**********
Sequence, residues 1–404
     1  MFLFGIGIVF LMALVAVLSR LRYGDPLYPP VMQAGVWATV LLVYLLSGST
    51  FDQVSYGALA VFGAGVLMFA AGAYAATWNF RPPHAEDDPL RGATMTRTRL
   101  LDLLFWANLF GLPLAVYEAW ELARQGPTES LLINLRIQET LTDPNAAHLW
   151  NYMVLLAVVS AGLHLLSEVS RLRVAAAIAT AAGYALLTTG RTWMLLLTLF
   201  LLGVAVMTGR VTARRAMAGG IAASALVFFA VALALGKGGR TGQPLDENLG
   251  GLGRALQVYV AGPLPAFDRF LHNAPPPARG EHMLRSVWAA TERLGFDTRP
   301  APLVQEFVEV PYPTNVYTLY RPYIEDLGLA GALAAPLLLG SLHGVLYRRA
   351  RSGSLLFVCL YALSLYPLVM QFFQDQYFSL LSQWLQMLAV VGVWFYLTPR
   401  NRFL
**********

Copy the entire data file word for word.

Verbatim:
Sequence, residues 1–404
     1  MFLFGIGIVF LMALVAVLSR LRYGDPLYPP VMQAGVWATV LLVYLLSGST
    51  FDQVSYGALA VFGAGVLMFA AGAYAATWNF RPPHAEDDPL RGATMTRTRL
   101  LDLLFWANLF GLPLAVYEAW ELARQGPTES LLINLRIQET LTDPNAAHLW
   151  NYMVLLAVVS AGLHLLSEVS RLRVAAAIAT AAGYALLTTG RTWMLLLTLF
   201  LLGVAVMTGR VTARRAMAGG IAASALVFFA VALALGKGGR TGQPLDENLG
   251  GLGRALQVYV AGPLPAFDRF LHNAPPPARG EHMLRSVWAA TERLGFDTRP
   301  APLVQEFVEV PYPTNVYTLY RPYIEDLGLA GALAAPLLLG SLHGVLYRRA
   351  RSGSLLFVCL YALSLYPLVM QFFQDQYFSL LSQWLQMLAV VGVWFYLTPR
   401  NRFL